Elliott Smith, Partner at Winston & Strawn LLP
Successful SPACs need transaction advisors with SPAC deal-making experience. Often the best acquisition targets are growth companies rather than distressed assets. And while some SPAC IPOs have approached a billion dollars, huge SPACs can encounter challenges in finding a viable target that’s appropriate in size. That’s according to Elliott Smith, Partner at Winston & Strawn LLP, who participated in IPO Edge’s SPAC in Action! – a SPAC Roundtable Featuring Four Experts, available in full form here. Mr. Smith has advised clients in SPAC transactions including New Frontier Corporation, Netfin Acquisition Corp., WillScot Corporation, Target Hospitality Corp., and Limbach Holdings, Inc. Mr. Smith also says that SPACs can be a faster, cheaper, and easier avenue to becoming a public company than traditional IPOs, but also face their own unique challenges. The full interview is below.
Elliott M. Smith focuses his practice on corporate and securities law. Elliott advises clients on a wide variety of capital markets transactional matters, including IPOs, follow-on offerings and private placements of debt and equity securities. Elliott has particular experience representing SPACs and their sponsor teams in IPOs and back-end business combinations. Elliott also advises public company clients on corporate governance matters and compliance with the federal securities laws.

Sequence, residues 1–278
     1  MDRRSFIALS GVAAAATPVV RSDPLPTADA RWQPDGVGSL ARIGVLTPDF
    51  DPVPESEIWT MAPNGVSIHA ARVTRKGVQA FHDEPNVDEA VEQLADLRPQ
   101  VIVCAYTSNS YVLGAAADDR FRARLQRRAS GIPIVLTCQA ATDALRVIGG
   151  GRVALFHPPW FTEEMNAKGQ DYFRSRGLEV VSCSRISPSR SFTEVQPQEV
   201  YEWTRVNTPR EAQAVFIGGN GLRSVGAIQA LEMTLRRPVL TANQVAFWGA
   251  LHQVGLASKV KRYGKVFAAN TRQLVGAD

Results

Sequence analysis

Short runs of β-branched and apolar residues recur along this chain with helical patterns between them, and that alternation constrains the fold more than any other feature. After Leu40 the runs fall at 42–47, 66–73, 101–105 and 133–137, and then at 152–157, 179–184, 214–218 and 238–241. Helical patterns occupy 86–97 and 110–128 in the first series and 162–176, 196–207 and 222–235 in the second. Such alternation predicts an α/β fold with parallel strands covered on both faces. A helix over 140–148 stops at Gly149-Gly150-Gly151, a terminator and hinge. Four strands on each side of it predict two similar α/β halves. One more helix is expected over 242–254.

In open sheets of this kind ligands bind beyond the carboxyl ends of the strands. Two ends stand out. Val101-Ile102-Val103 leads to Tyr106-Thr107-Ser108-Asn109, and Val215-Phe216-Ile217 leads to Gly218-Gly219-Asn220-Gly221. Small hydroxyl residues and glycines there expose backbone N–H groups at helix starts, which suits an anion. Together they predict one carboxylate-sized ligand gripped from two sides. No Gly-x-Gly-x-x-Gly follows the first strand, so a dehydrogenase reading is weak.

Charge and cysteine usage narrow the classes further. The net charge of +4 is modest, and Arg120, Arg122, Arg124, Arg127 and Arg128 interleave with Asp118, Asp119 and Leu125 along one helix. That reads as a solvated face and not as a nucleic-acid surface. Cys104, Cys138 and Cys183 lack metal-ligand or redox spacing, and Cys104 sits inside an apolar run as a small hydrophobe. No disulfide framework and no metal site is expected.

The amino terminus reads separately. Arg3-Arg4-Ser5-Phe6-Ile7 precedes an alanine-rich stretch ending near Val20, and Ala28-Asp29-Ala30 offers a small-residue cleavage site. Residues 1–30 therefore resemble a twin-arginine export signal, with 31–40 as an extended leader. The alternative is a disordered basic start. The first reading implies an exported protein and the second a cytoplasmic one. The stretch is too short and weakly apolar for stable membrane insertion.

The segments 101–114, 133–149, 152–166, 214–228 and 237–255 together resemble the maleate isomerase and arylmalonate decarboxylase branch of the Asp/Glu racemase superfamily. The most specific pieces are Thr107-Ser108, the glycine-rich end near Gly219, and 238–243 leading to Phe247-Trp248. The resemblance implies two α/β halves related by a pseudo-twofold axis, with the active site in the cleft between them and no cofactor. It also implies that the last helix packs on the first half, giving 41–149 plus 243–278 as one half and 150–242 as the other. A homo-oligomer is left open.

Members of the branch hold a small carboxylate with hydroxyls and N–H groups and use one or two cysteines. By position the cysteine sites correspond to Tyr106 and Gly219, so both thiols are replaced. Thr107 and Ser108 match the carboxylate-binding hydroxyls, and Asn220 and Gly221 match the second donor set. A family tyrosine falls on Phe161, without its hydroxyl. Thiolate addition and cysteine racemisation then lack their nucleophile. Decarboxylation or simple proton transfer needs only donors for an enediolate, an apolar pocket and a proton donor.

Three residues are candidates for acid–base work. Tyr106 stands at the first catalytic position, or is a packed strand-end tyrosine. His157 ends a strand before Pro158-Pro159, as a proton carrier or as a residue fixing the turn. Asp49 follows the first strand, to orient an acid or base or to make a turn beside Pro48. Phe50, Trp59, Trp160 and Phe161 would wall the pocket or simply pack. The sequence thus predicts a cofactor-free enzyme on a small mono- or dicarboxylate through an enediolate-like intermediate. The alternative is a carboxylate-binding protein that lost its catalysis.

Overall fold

IPO Edge: How has the warrant feature on SPACs evolved and where do you see it going?
Mr. Smith: Way back in the 1990s, SPACs issued units consisting of one share and two warrants, one of which was struck in-the-money, meaning the strike price was below the per-unit IPO price. The in-the-money warrant functioned like an immediate capital raise following the closing of a business combination, but created a lot of dilution to stockholders which put pressure on the stock price. In the 2000s, SPAC IPO units evolved to typically include one in-the-money warrant. Towards the end of that cycle, around 2008, SPACs starting issuing units with one share and one warrant which was struck out-of-the-money.
These days, SPACs issue units in their IPO for $10.00, and the units include a share and a warrant (or a fraction of warrant). The warrants have an exercise price of $11.50 per share. Some repeat sponsor teams or sponsors affiliated with well-known private equity funds are able to leverage their deal-making track record in order to reduce the number of warrants issued as part of the units to one-half or even one-third of a warrant. By reducing the warrant coverage (i.e., the number of shares issuable upon exercise of all the warrants), these sponsors can market their SPACs as more attractive vehicles to target companies and investors as compared to other SPACs that have more warrants outstanding, since the former represent less potential dilution to stockholders upon completion of the business combination.